Nanny State (No First Aid For You)

Discussion in 'Current Affairs, News and Analysis' started by Bowser-Mong, Mar 11, 2006.

Welcome to the Army Rumour Service, ARRSE

The UK's largest and busiest UNofficial military website.

The heart of the site is the forum area, including:

  1. Reading in the Dail Mail this morning about a school's refusal to put a plaster on a 9 rear old girls cut (sorry no link). The little girl concerned had cut her finger, the school tried to clean it up but stopped short of putting a plaster on it citing "a possible allergic reaction" to the plaster. Apparently the school was following local council guidlines but the council refute this saying the guidelines are merely "guidelines" ie not to be taken word for word. The girls mother had to come and put a plaster on her daughters finger.

    Personally I think it is a pretty sad state of affairs.
     
  2. And yet if you recall from last year, the school still has the right to take your daughter away for an abortion without telling the parents - but God help them if they need to administer a tablet or plaster !!
     
  3. Once again it goes to show that common sense is not all that common
     
  4. cobblers

    I did a first aid course about 15 years ago, at the time it was suggested that you check if someone is alergic to plasters first, before giving treament (*). Now in this case the school was bit ott, but this story is not news.

    (* same story for headache pills)
     
  5. Yeah put with Guardian Reader, first course just a few months ago. You should check someones allergic to a plaster before you put one on. Officially as well you shouldnt let young children share food with each as they might be allergic to something without knowing. Its just the school being Ott in application as opposed to the nanny state strikes again.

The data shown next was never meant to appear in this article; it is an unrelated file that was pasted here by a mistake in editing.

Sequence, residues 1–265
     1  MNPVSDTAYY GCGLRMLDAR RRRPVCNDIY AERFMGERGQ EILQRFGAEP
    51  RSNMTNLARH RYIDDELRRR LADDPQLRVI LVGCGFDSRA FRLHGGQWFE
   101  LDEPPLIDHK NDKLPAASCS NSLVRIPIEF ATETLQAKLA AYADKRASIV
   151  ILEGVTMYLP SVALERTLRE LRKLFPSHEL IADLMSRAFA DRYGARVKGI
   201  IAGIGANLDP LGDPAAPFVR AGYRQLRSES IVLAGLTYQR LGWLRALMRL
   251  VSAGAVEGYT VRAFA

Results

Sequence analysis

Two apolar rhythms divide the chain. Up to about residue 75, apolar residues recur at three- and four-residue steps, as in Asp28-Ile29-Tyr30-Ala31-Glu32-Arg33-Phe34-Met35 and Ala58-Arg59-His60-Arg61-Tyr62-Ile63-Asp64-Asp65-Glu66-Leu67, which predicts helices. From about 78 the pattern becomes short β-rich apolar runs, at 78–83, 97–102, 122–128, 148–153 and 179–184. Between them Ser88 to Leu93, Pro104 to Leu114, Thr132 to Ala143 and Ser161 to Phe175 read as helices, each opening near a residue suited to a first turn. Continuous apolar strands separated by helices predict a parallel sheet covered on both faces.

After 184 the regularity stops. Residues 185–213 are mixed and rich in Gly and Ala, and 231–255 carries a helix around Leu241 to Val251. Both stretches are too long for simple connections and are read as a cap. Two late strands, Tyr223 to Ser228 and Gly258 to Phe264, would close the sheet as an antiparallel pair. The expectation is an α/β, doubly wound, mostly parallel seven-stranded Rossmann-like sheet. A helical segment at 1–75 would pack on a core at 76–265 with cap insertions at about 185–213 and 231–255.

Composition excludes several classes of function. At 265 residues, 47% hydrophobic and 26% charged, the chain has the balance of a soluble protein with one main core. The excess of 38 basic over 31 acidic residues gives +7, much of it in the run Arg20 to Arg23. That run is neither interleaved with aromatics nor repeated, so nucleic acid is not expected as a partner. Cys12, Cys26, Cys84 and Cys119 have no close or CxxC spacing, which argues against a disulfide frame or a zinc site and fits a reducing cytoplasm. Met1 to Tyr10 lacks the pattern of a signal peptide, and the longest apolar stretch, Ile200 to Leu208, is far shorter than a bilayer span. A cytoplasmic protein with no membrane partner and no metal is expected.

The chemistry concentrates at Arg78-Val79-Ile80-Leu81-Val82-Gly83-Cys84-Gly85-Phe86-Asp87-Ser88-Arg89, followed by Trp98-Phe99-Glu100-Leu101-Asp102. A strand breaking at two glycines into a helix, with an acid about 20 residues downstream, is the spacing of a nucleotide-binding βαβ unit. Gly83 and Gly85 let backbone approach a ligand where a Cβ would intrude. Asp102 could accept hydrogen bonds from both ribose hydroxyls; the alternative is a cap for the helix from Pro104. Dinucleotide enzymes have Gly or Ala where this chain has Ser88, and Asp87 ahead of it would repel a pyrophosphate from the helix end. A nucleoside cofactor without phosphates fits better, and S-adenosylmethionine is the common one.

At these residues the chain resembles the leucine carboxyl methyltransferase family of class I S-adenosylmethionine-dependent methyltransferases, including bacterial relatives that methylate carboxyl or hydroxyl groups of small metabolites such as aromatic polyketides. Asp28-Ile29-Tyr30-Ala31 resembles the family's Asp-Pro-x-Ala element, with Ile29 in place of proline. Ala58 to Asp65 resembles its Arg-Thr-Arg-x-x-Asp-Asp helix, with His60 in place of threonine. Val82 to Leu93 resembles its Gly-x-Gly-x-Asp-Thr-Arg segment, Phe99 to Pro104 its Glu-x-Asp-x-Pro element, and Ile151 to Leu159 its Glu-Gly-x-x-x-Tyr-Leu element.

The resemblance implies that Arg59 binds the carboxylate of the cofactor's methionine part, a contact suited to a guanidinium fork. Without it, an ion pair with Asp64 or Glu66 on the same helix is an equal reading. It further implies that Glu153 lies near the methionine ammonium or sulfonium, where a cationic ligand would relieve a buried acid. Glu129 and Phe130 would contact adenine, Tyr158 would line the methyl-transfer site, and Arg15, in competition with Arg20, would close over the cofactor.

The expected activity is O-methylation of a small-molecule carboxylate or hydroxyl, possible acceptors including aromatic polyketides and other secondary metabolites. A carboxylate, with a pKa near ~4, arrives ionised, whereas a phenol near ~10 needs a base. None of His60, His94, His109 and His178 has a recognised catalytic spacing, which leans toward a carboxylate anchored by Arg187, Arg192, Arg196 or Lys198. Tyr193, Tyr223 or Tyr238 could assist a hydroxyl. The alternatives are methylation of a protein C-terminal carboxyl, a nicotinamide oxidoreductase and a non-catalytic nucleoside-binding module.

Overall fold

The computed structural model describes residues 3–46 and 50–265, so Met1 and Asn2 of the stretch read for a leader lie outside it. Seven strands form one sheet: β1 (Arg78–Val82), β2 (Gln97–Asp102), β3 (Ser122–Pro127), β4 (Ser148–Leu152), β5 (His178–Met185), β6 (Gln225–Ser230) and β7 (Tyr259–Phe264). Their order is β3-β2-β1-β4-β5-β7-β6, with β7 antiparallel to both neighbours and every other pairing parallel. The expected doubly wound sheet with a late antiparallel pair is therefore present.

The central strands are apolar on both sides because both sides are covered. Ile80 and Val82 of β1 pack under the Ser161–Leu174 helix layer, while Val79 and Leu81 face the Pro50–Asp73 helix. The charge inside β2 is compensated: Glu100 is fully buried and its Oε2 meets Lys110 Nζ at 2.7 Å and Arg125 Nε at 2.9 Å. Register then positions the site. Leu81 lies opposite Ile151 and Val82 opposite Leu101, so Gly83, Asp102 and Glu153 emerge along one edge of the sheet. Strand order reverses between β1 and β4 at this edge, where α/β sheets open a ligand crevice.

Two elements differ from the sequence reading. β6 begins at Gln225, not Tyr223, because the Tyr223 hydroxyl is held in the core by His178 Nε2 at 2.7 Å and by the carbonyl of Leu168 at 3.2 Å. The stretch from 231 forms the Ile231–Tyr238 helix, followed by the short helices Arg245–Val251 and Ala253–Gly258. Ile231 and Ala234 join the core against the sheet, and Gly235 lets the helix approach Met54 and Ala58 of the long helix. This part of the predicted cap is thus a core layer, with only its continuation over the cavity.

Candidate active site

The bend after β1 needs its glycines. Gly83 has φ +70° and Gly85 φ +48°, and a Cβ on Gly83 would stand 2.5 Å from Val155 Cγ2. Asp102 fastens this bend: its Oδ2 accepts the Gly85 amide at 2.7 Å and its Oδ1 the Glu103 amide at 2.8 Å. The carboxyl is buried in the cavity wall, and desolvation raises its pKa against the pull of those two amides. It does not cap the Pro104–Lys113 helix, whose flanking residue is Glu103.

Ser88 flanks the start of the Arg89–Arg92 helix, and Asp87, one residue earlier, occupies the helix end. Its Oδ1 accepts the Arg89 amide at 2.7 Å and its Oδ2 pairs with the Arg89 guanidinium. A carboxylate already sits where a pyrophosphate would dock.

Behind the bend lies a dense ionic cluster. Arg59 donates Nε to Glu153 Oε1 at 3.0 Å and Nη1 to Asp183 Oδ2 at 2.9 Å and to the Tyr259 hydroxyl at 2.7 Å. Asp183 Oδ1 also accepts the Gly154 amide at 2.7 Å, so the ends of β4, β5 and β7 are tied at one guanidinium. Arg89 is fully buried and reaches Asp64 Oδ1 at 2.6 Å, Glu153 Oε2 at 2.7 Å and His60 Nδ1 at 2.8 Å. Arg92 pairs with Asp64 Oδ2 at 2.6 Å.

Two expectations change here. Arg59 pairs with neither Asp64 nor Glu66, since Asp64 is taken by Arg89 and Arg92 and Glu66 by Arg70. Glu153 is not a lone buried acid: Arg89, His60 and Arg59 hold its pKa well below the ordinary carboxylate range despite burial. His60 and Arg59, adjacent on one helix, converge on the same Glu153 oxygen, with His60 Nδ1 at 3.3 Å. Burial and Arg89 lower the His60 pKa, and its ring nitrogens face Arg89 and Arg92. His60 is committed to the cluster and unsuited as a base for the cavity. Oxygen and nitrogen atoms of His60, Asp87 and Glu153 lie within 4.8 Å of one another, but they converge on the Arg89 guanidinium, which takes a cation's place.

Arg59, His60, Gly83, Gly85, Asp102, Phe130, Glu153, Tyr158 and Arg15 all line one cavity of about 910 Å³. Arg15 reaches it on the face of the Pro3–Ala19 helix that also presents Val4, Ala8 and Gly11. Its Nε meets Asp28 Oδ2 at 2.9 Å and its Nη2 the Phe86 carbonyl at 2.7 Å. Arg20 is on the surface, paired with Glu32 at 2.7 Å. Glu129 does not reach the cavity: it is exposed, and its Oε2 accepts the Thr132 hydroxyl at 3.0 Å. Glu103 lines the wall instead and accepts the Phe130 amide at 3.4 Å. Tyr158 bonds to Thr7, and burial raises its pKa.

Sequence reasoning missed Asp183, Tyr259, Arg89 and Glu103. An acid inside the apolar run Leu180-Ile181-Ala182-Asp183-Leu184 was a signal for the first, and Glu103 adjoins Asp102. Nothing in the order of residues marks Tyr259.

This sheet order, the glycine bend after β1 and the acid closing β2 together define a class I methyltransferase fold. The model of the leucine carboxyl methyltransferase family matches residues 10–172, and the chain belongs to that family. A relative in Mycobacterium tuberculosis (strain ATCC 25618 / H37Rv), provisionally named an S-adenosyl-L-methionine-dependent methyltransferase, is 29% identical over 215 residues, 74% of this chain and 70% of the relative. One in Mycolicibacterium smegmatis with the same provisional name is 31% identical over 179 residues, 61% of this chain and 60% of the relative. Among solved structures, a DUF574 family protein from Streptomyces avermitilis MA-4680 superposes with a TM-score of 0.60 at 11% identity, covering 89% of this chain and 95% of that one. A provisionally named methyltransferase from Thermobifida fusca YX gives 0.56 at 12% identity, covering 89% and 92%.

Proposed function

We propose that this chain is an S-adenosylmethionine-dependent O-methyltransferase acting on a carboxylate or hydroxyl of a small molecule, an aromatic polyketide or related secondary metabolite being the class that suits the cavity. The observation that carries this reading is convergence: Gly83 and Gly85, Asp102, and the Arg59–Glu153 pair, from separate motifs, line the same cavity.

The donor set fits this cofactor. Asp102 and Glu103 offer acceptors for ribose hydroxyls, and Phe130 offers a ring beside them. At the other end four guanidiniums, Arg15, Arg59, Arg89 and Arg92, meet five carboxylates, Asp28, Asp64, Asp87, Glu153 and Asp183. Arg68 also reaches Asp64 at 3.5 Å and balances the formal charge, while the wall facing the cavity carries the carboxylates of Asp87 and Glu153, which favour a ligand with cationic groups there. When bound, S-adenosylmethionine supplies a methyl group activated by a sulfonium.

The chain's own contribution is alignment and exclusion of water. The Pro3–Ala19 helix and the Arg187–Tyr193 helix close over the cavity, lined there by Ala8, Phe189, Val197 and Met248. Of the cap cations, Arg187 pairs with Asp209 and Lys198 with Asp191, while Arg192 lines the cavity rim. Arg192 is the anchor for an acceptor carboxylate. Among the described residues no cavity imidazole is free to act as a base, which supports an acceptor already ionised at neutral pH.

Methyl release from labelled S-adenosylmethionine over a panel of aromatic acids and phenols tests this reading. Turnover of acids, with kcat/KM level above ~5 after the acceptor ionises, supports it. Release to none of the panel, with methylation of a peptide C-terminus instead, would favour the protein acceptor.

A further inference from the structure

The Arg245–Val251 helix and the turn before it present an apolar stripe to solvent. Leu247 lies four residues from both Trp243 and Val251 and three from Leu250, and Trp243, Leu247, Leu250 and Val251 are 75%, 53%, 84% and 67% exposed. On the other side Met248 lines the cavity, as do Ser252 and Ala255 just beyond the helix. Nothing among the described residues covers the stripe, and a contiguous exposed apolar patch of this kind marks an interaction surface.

6. School admin is fcuked then. All students have allergy sheets completed which cover things like food and medicine allergies, they should have been able to refer to that.
     
  7. My mother is a school matron and has to get waiver forms signed by every single parent listing every single product she is allowed to use on a child, including sticking plasters, aspirin, paracetamol, savlon, dettol et cetera.

    Without this, all she is legally permitted to do is run any wound under the tap.
     
  8. Under HSE guidelines you may apply an adhesive dressing to a wound provided it is suitable for the wound and there is no indication of allergy. ie the patient says something to the effect that they are not aware of being allergic to them. failing that use a non adherant dressing and tie securely.

    It must be a local policy to not treat an injury, which goes against HSE regs with the school being responsible for the wellbeing of the child while there.
     
  9. scaryspice

    scaryspice LE Moderator

    Phantom - not quite correct in saying it goes against HSE Regs.

    H&S Regs (note not HSE - they don't write the Regs only the Guidance) require provision to be made for first aid in the form of eqpt and trained personnnel - for EMPLOYEES.

    You will actually find that although it is obviously good practice and I don't know of a school that doesn't do it, there is NO legal obligation to make provision for first aid for non-employees. School pupils are not employees. Regarding the "it's OK if the patient says so" Do you really think most primary school children are able to give what amounts to informed consent in an injury situation?